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Banks and commodities: the full story

The New York Times has a well-researched article on how banks have been entering commodity markets (like aluminum); it makes the case that Goldman has been profiting by restricting the supply of aluminum, while consumers have paid extra, to the tune of like $5 billion. Not all of that $5 billion has gone into Goldman’s pocket–other aluminum sellers have benefited as well–but still, this article is damning, and in a sane world the Justice Department would be screwing Goldman to the wall for anticompetitive practices; this is a “conspiracy in restraint of trade” if I ever saw one.

And it’s not even the worst part.

The article also mentions that Goldman can use its insider knowledge of the aluminum markets in its derivatives operations (derivatives are essentially bets). So Goldman can, knowing that aluminum stocks are low, bet that the price will go up. Goldman makes money on what is more or less a sure thing. This sort of insider trading is illegal in the stock market, but in the derivatives market anything goes.

And that’s not even the worst part.

Here’s the worst part, and what the article doesn’t mention: Since Goldman influences the price of aluminum, it can explicitly manipulate the aluminum market so that its bets in the derivative market pay off.

And if it can, you can bet that it is.

That may seem paranoid, but that assumption is the only rational one to make since the LIBOR scandal.

For those who need a refresher, here’s the LIBOR scandal in brief: many big, old, respected banks reported an interest rate called the LIBOR, which was the basis of all sorts of other contracts–like how Americans’ credit card interest or mortgage is tied to the prime rate. It turned out that these banks were manipulating the LIBOR. The thing was, the manipulation wasn’t just of the “oh, shit, we’re in trouble, let’s lie about how much trouble we’re in” kind (although that happened). That would be kind of understandable. But banks also manipulated the LIBOR constantly, routinely, to make sure that the bets that they’d made on the LIBOR paid off. So, you’d take a bet that the LIBOR would go down in three months, and then three months later you’d lower the LIBOR.

And the gains in question were often tiny–barely a blip on these banks’ balance sheets.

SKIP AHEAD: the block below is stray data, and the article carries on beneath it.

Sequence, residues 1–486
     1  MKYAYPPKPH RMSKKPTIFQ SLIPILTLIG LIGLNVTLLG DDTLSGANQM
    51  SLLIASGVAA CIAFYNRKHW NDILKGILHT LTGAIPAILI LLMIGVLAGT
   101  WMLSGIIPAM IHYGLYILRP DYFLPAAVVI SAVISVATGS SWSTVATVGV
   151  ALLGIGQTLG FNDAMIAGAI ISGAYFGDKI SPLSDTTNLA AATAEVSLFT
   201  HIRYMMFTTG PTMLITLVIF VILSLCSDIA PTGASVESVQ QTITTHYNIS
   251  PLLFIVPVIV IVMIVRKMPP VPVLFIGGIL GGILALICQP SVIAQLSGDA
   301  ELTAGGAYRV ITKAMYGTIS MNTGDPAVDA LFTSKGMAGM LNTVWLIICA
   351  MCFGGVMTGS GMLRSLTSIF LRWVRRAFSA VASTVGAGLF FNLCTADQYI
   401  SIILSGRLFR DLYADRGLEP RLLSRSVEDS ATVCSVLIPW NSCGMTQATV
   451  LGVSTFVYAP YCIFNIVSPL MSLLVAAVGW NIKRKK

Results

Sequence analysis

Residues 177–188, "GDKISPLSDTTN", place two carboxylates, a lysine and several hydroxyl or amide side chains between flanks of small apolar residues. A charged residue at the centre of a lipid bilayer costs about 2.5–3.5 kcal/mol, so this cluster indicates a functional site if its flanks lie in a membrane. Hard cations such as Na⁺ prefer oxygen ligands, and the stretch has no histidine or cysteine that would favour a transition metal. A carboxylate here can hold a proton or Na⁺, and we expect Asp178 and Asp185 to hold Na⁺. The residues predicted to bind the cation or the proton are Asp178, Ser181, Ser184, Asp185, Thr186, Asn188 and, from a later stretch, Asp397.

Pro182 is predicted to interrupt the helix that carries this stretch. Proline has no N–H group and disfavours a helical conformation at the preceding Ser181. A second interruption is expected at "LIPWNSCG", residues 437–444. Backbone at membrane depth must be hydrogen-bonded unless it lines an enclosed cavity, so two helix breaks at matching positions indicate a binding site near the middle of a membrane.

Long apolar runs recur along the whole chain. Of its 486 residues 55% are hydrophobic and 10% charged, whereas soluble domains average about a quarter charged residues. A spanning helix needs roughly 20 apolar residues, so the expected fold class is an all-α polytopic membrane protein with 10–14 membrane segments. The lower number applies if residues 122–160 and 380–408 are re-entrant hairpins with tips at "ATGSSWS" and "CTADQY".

That’s like the difference between finding that some judges occasionally take bribes for $100,000 or more, and finding that judges routinely change verdicts for five bucks and a 40-oz bottle of Colt 45. The one is bad, but the other means that the entire system is so deeply fucked up that the very assumptions behind it (like the assumption that most judges can be trusted most of the time) have to go.

The thing is, the LIBOR was easy to manipulate because it was set more or less by the honor system–banks self-reported the interest they were paying. And that’s the point. Banks’ honor was at stake, and they themselves valued it at nothing. And so must we.

Now: Even before the LIBOR scandal I thought it was obvious, in the words of one of my own posts, that financiers are dangerous idiots who need to be watched every minute. But after LIBOR there’s no way that anyone with a brain should think anything except: If banks have the opportunity to cheat, they’re going to cheat. Period.

Goldman has the opportunity to manipulate commodity prices to make sure its own bets pay off. It will. It is. Period.

So: What’s the solution? Well, as so often happens, this problem was the result of deregulation–banks were once forbidden to enter the commodities market–and the obvious solution is re-regulation.

Banks somehow managed to do business when they weren’t allowed to fuck around with commodities. They would find a way to do so again. Hey, maybe by, you know, making loans at interest to businesses and individuals. Nah, that’s crazy.

1 comment to Banks and commodities: the full story

  • Another crucial point about all this is that it is the seventy thousandth confirmation that we do not live in a free market. Corporations and financial institutions are big enough to CONTROL markets. The free market ocean these days is about half continent. If a firm can vertically and/or horizontally integrate, they can use the power they have in one market to impact another.

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